Advocacy is the act of supporting or presenting reason for a cause and can be done by or for someone. Changes in the way a person communicates, processes, or remembers information after brain injury can make advocacy difficult. Advocacy looks different for every person and ranges from brain injury funds and services as a whole to day-to-day asking for needs or acceptance into particular services. Below are some ideas and suggestions for how you can advocate and get involved in advocacy efforts with the Brain Injury Association of North Carolina.
Each March represents Brain Injury Awareness Month. The Brain Injury Association of North Carolina hosts or participates a variety of activities and events during the month! Click below for a list of events and to see the most recent proclamation from the Governor’s office.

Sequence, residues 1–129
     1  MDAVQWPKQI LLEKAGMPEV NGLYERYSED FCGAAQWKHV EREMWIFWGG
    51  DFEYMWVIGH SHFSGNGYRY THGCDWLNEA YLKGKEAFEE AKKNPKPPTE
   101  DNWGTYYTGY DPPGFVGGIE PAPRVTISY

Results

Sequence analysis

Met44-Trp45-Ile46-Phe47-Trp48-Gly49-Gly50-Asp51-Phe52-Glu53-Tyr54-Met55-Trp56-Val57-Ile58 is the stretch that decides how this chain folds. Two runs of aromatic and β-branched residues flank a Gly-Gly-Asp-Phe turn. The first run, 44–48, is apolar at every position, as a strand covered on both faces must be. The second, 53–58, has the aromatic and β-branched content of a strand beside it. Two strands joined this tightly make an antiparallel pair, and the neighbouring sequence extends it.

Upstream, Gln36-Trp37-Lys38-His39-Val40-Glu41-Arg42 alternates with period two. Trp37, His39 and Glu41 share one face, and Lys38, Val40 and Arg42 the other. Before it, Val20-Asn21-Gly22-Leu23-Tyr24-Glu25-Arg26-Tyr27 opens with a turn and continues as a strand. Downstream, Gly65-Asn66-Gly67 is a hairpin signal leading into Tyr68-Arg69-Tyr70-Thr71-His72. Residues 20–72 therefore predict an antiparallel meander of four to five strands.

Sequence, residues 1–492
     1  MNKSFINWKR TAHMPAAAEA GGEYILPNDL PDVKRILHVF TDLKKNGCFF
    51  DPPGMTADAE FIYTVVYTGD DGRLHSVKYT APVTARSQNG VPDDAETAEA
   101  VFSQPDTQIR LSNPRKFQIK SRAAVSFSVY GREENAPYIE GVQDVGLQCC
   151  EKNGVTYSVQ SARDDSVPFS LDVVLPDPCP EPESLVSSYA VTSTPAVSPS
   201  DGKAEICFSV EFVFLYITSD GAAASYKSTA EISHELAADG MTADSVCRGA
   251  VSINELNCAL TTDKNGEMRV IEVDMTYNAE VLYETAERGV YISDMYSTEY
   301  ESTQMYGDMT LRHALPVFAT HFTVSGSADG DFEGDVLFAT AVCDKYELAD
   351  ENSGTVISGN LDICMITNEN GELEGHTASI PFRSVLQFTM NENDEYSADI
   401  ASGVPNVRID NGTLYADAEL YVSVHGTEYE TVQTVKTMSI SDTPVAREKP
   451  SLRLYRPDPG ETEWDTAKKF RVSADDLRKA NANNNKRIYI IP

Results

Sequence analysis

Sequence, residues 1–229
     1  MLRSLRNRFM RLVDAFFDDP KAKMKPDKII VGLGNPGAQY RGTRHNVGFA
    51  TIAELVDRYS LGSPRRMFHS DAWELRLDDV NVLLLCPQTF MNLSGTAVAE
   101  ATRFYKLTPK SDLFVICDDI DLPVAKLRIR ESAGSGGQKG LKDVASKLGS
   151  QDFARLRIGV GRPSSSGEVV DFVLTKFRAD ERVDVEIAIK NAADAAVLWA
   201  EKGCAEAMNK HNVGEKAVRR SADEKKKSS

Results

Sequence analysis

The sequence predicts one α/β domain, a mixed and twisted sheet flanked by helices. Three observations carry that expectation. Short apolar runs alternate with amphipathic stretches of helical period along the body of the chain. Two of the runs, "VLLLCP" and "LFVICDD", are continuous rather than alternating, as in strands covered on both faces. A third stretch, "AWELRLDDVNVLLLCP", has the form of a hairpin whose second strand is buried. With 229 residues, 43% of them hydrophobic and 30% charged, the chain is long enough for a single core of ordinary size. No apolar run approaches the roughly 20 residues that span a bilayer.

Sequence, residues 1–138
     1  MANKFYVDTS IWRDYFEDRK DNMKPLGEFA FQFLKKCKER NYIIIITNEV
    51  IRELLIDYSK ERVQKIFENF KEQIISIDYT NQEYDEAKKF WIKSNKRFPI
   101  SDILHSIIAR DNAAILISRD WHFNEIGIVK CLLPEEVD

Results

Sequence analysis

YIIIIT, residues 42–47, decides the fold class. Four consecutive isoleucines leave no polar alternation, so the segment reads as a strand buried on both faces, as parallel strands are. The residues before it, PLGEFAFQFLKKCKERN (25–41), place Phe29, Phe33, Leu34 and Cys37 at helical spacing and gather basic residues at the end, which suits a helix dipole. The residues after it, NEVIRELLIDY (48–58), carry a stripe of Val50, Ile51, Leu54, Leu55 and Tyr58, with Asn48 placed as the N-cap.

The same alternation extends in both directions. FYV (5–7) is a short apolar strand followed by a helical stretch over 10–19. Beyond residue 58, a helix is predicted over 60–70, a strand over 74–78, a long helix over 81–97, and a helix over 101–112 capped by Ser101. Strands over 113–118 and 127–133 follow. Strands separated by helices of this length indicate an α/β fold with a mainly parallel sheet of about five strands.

State Brain Injury Advisory Council
The Brain Injury Advisory Council (BIAC) meets quarterly to make recommendations to the Governor, General Assembly, and Secretary of Health and Human Services regarding the planning, development, funding, and implementation of a comprehensive statewide service delivery system to address the needs of brain injury survivors.
Contacting your Legislator
Legislators are political officials that are instrumental in making laws and approving the budget for state services. Learn how to contact your legislator to ask them to vote for increased services for brain injury and to support specific legislation that may affect us.
The TBI Waiver Program is designed to provide community-based rehabilitative services and support to help with your recovery. This is a pilot program managed by Alliance Health in four North Carolina counties (Durham, Wake, Cumberland and Johnston). Visit Alliance Health’s website using the link below for more information!